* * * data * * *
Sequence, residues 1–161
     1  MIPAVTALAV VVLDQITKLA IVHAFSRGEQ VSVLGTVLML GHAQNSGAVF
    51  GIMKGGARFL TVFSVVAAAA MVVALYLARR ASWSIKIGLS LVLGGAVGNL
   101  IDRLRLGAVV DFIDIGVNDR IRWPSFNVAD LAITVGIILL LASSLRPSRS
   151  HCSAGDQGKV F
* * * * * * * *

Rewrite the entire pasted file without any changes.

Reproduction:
Sequence, residues 1–161
     1  MIPAVTALAV VVLDQITKLA IVHAFSRGEQ VSVLGTVLML GHAQNSGAVF
    51  GIMKGGARFL TVFSVVAAAA MVVALYLARR ASWSIKIGLS LVLGGAVGNL
   101  IDRLRLGAVV DFIDIGVNDR IRWPSFNVAD LAITVGIILL LASSLRPSRS
   151  HCSAGDQGKV F